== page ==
Cult of the Grind, or the Age of the Business Warrior – Part 2

Read Part 1 of “Cult of the Grind” Here

“If Business Was Easy, Everyone Would Start One”

I am not saying that building a profitable business should be as easy as a walk in the park.

Starting and growing a business comes with lots of challenges to tackle, skills to learn, risks to take, projects to manage, and setbacks to deal with. You may find yourself pushing through obstacles and dealing with crisis. You may have to do things others aren’t willing to do and deal with people you don’t want to deal with – just to achieve your goal and dream of building a successful business. Hard work is part of growing a business AND if you’re building something you love and believe in you’re willing to do it.

The difference is when hard work looks like “spinning your wheels” and struggling your way through it versus feeling excited and energized by that hard work because it fits you.

For example, it takes me three months of hard work to develop launch materials, from webinars to video scripts to email announcements. But I absolutely LOVE the process of watching it all come together and the satisfaction of getting it out there and sharing my ideas with the world!

On the other hand, going to networking events feels not only like hard work to me, but also drains my energy and doesn’t feel at all like fun. Perhaps it’s the opposite for you 🙂

Hopefully you get the difference between “hard work that’s energizing and fun” and “hard work that’s draining and dreadful.”

You may also be in a place where you need to make money and provide for your family. When I first came to America from Ukraine, I was willing to do whatever it took to secure my family’s future. I even turned from “musician to technician”, going from a classically trained music teacher to a computer programmer.

It was unbelievably hard because my brain wasn’t designed to handle such a highly technical career. But I did what I had to do. I learned English and graduated with a Bachelor’s degree in Computer Information Systems.

I also had to work hard when I started my first business, doing whatever I had to do to stay home with my kids.

So if you’re desperately trying to grow your business right now because you need money to survive or feed your family, you’ll probably grind and do whatever it takes. Your motivation is different when you’re focused on security or survival.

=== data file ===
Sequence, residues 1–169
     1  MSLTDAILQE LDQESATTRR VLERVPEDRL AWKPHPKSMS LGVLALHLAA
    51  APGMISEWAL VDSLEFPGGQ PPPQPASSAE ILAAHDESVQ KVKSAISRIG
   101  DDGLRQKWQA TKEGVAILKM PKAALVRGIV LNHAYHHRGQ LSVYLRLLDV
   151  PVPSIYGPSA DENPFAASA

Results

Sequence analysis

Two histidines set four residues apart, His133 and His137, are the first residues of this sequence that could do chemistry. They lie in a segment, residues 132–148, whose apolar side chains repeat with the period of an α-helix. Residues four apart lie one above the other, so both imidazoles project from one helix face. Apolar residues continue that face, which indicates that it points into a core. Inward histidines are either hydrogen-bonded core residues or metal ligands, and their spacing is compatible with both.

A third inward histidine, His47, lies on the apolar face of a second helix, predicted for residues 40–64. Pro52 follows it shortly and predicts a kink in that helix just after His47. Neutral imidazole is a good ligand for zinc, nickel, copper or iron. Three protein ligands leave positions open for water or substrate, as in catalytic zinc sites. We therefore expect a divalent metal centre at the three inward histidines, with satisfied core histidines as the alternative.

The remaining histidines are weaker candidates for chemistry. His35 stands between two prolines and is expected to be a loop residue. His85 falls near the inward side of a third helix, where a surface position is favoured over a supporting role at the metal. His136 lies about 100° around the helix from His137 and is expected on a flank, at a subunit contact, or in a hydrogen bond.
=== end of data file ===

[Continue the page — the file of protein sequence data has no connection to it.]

Most people are willing to work hard – they just don’t know what to focus on and in which direction to grow their business. Which hard work is the right hard work? Usually, it’s the kind of work that doesn’t drain you, where you don’t notice time go by, and when you’re in the flow.

So if your goal is to build a profitable business you will love, a business that will bring you not only great income but also a lot of joy and fulfillment (and a lot less stress!), then figuring out your biggest strengths and natural abilities is the best way to move forward.

Can’t wait for your thoughts and feedback and what took me years to realize!

Read Part 1 of “Cult of the Grind” Here

Cult of the Grind, or the Age of the Business Warrior – Part 1

4 thoughts on “Cult of the Grind, or the Age of the Business Warrior – Part 2

  1. Sandra Camacho

    In my experience the biggest reason business success is especially hard for women entrepreneurs is our hidden inner conflict with our own power. Women have been cultural programmed for centuries to take care of everyone else, to people-please, to stay invisible, to not ask for what we want. This is huge–it causes an inner conflict with our real desires, and it creates emotional conflict around success that is like having one foot on the gas and one foot on the brake. The emotional mind needs to be aligned with what we want –business success and our own empowerment–if we are to enjoy creating a successful business. I have created a free tool kit just for this purpose:

  2. Raan

    Hi Milana. I enjoyed and identified with your comments. The grind is usually dictated by someone else. Your business is choice and the motivation remains your own. So much more palatable even when challenging!

  3. Diane C. Christofferson

    I have heard from a lot of marketers that you have to eat,breath and sleep work in order to make lots of money. I don’t believe that is a career, I believe that is burn-out quick. I also believe that a person’s life is very unbalanced.
    I once had what I thought was a “true” friend, come to find out I was only her friend if I bought products from her. Like they say….move on.

  4. Aaron Keith Hawkins

    Hi Milana!

    I sincerely commend you on your willingness to challenge the “hustle hype”, and for sharing so much of your personal experience. Building a thriving business will always require ups and downs and plenty of strategic effort, but true career freedom is engaging in a process or mission that makes us feel energized and alive. Doing so takes some vulnerable self-reflection and great support from our circles of influence. I can’t wait to see what you launch next — on your own terms and with peace of mind. Thanks for supporting so many who are on their own journey. Proud of you!



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